Posted by: knightbird | December 1, 2011

Meeting Waste

Following up on yesterday’s blog, I thought about the conduct of the meeting I attended. I attend a lot of similar meetings, but almost none in my organization. In this meeting we had a timed agenda. The focus of the meeting was not real clear in my mind, but then the meeting was part of a series of meetings of the same group to address the issue assigned them. The team leader had a clear agenda to implement. And as I reported yesterday, the problem was not clearly defined, there was no data available, the value stream wasn’t understood and judgment ran rapid.

The meeting reminded me of a talk I attended about 25 years ago given by the Prime Minister of the Yukon Territory. Using his hands, he said “The Japanese plan this much (very wide reach) and implement this much (much shorter reach).” He reversed that for the Americans, very little planning and a long implementation span. Interestingly enough, one of the online participants volunteered that the problem being addressed at this meeting was the same problem they had 20 years ago. Talk about long implementation time and short planning time.

Anyway, this meeting had a number of pieces of paper. I recall 6 or 7 pages. Two of the sessions were facilitated. One session was a demonstration of the use of an A-3 by my staff. All of the sessions were free flow and it was quite interesting. A couple of participants commented about silos and in the process demonstrated how much ownership they invested in their silo. One Executive commented about being there only to observe. It was an example of being forced to attend without buy-in to the problem, which wasn’t well defined.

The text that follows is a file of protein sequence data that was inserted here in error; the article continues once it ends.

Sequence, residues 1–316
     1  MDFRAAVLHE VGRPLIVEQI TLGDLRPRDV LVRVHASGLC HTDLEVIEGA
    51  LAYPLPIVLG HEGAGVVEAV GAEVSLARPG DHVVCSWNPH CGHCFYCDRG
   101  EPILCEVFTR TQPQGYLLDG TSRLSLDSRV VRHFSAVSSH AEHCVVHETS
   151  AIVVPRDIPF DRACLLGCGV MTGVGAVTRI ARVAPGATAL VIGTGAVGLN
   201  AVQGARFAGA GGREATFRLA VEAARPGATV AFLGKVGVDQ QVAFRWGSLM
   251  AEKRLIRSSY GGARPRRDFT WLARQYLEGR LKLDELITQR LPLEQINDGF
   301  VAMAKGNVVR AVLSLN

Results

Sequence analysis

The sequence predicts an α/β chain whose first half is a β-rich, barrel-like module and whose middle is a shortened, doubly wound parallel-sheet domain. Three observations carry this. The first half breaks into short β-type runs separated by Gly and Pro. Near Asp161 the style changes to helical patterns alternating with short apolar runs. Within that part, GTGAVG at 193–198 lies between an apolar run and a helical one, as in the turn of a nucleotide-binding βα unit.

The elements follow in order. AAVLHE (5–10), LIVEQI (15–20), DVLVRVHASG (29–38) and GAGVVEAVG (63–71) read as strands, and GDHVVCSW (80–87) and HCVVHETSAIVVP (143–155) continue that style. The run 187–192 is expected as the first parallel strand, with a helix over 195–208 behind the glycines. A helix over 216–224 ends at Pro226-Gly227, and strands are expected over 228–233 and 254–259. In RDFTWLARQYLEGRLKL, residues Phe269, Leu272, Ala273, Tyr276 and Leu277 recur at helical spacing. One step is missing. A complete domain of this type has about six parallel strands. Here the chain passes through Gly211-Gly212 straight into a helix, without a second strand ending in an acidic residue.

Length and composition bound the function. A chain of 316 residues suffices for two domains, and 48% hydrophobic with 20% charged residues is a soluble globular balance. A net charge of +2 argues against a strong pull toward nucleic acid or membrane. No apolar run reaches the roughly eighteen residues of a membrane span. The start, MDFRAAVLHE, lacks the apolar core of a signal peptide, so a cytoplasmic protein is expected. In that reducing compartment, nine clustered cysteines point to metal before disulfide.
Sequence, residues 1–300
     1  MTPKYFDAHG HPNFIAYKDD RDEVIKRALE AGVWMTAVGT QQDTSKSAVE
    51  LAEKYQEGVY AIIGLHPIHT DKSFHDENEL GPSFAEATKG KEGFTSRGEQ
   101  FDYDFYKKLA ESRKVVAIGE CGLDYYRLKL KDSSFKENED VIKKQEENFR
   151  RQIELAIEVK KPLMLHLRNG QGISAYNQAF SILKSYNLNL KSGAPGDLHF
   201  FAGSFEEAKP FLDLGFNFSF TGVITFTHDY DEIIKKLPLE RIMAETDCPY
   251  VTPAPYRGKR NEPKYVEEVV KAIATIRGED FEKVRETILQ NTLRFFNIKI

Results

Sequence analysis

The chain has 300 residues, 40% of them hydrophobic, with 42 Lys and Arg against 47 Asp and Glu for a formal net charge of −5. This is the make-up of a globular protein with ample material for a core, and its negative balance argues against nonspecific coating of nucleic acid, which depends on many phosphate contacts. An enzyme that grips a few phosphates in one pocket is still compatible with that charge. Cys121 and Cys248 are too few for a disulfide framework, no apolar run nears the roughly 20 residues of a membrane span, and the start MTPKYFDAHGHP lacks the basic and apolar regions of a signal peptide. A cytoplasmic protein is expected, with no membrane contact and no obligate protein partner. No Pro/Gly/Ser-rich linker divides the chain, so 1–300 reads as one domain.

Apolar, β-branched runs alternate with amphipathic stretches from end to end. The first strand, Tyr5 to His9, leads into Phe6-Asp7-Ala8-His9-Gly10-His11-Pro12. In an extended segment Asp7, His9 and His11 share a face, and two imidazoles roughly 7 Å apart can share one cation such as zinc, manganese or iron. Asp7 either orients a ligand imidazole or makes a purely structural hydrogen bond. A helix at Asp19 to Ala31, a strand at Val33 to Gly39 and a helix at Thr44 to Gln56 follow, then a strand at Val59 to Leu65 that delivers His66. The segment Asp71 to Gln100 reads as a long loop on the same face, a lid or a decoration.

At the end of the meeting, the team leader had to be excused because of another meeting to facilitate during the lunch hour.

Oh. One of the report items was that an Executive Leadership Team had been formed to implement the improvements and assume responsibility for the project. Apparently no member of that ELT was present at the meeting to show how important the project was.

I hate to think of the incredible amount of meeting waste this organization sponsors. 30 people plus attended the meeting. Preparation and follow-up time consumes time by the 3 staff responsible for the project and the series of meetings. I estimated the cost of meeting conservatively at $3,000, without considering the input of staff time and expense. Telephone time alone may have been hundreds of dollars.

Since I am not an ongoing participant in the series of meetings, I may not be completely accurate in some of my observations. But as a lean professional, I know that there is a far better process for achieving the improvements being sought at a greatly reduced level of meeting waste.

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